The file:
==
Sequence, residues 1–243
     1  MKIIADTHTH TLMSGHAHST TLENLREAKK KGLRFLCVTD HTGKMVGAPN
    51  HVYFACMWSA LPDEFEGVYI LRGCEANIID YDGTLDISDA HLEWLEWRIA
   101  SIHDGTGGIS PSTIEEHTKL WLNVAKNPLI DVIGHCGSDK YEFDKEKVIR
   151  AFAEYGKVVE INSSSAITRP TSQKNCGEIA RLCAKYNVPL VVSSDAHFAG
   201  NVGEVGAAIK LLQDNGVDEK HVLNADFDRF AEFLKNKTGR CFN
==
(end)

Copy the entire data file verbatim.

Sequence, residues 1–243
     1  MKIIADTHTH TLMSGHAHST TLENLREAKK KGLRFLCVTD HTGKMVGAPN
    51  HVYFACMWSA LPDEFEGVYI LRGCEANIID YDGTLDISDA HLEWLEWRIA
   101  SIHDGTGGIS PSTIEEHTKL WLNVAKNPLI DVIGHCGSDK YEFDKEKVIR
   151  AFAEYGKVVE INSSSAITRP TSQKNCGEIA RLCAKYNVPL VVSSDAHFAG
   201  NVGEVGAAIK LLQDNGVDEK HVLNADFDRF AEFLKNKTGR CFN